In an aim to increase cross border trade efficiency along the U.S. southern border, Mexico’s government has recently approved legislation to allow armed U.S. Customs and Border Protection (CBP) agents to operate at places of international trade within Mexico. Details of the legislation are to be finalized in August and should help boost an already healthy trade relationship with the United States. U.S. ports of entry in Texas and California should see the most immediate effects of the new law, with more efficient cross-border transit times as a direct result of pre-clearing cargo through U.S. Customs on the Mexican side of the border. By allowing armed U.S. CBP agents within Mexico, a single point of inspection will be created, eliminating a double inspection process, thereby streamlining examination procedures. Information can be shared in real time, supporting trade intelligence and security protocols.
The Mexican Secretariat of National Defense (SEDENA) will oversee the issuance of temporary gun permits to individual U.S. agents, allowing them to carry the same U.S. government supplied firearms they are accustomed to. This is not carte blanch arming U.S. agents in Mexico investigating narcotics and smuggling activities. However, the door is now open for future debate and further relationship building outside the scope of international trade.
For more than two years, a little-known pilot program has been managed by Mexican customs officials at the Laredo International Airport, pre-clearing southbound airfreight (albeit through chartered airplanes only), allowing processed shipments to continue to the final consignee in Mexico. Reciprocity of this program, however, had stalled on the Mexican side over concerns about American agents carrying weapons in Mexico. Now, it appears that this hurdle has been overcome, and the pre-clearance program now has a distinct path to implementation.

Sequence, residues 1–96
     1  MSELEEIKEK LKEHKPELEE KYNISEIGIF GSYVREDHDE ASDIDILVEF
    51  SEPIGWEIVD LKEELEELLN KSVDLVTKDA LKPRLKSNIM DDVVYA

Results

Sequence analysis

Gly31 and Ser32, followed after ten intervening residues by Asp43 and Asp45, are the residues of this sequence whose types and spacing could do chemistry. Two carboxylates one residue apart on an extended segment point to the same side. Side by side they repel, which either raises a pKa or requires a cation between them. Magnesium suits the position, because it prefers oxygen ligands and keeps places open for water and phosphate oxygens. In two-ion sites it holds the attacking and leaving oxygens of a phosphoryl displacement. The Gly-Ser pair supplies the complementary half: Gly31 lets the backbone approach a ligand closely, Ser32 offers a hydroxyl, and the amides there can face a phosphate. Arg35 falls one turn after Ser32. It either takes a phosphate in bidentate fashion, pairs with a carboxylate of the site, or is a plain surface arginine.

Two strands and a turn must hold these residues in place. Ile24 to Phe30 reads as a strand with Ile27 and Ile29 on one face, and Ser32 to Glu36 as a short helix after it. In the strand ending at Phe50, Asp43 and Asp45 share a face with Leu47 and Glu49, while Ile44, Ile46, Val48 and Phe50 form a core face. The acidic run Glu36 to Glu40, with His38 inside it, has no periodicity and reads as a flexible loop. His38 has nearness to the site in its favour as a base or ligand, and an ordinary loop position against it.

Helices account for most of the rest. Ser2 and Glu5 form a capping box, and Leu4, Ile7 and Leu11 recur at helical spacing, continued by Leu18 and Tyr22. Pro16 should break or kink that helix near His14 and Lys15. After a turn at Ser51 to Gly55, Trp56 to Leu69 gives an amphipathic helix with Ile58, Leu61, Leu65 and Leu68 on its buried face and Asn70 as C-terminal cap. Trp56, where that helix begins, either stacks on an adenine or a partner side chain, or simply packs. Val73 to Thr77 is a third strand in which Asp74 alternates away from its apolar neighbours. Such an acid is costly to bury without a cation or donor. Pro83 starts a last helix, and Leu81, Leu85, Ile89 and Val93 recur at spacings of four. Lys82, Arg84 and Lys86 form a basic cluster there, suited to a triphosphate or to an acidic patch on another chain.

As with most legislation in both the United States and Mexico, published law does not necessarily translate to common practice. It is still too soon to estimate the exact impact that the program will have on international trade between the two countries. Speculation suggests that the clearing process will become more streamlined which should lead to quicker crossing times. However, multiple service providers—including freight forwarders, draymen, and Mexican customs brokers—will also have to provide buy-in to the changes, which could potentially lead to a longer transition period. Early adopters will most likely be vertical specific manufacturers, such as automotive supply companies who are constantly operating in a just in time environment. Transportation companies with scalable resources along the southern border, such as C.H. Robinson, should be well positioned to support and embrace these changes, and provide executable services. Ultimately, customer demand could expedite border bureaucracy.
Specific to the legislation:
- Armed agents cannot carry or use any weapon with a caliber of .40 or higher.
- The weapon must stay only within approved points of the Mexican Secretariat of National Defense.
- Permits will only be valid for 6 months, and could be suspended at any time for whatever reason.
For more information on this topic, be sure to attend Navigating Mexico: US Cross Border, Customs, and Transportation Best Practices at the 2015 CSCMP Annual Conference in San Diego, CA Sept. 27th-30th.